The principal aim of this thesis was to improve our understanding of (neuro)cognitive processes involved in anger and a disposition towards anger (i.e., trait anger).

Main conclusions
Based on the results of the studies described in this thesis, several conclusions can be drawn.
First, it can be concluded that the Dutch version of the STAXI-2 is a reliable instrument to assist the clinical practitioner or researcher in measuring the experience, expression, and control of anger.
Second, trait anger seems to be related to deficits in cognitive control under both neutral and anger-inducing conditions, of which error-processing deficits seem to be most consistently related to trait anger. Reduced anger-primed inhibitory control in relation to trait anger, however, could not be consistently confirmed.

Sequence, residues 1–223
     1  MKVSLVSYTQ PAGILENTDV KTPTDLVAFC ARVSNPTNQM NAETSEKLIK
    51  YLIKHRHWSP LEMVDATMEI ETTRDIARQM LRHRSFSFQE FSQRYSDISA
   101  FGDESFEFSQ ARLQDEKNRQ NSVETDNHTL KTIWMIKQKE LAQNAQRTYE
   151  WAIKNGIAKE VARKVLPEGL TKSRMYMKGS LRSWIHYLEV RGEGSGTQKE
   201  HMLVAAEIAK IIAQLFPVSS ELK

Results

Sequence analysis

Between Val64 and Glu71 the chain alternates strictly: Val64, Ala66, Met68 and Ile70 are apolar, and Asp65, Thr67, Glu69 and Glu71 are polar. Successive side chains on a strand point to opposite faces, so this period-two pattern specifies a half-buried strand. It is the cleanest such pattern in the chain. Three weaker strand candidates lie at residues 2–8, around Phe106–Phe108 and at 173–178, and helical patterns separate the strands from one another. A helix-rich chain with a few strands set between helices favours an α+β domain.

Finally, the studies described in this thesis showed that although angry rumination and mental fatigue seem to be accompanied by increased anger, these processes seem to have little effect on cognitive control.
Overall, the current thesis increased knowledge about the impact of neurocognitive processes in relation to trait anger. At the same time, this thesis highlights that more research is needed in order to explore the impact of neurocognitive processes on trait anger as well as their interrelations.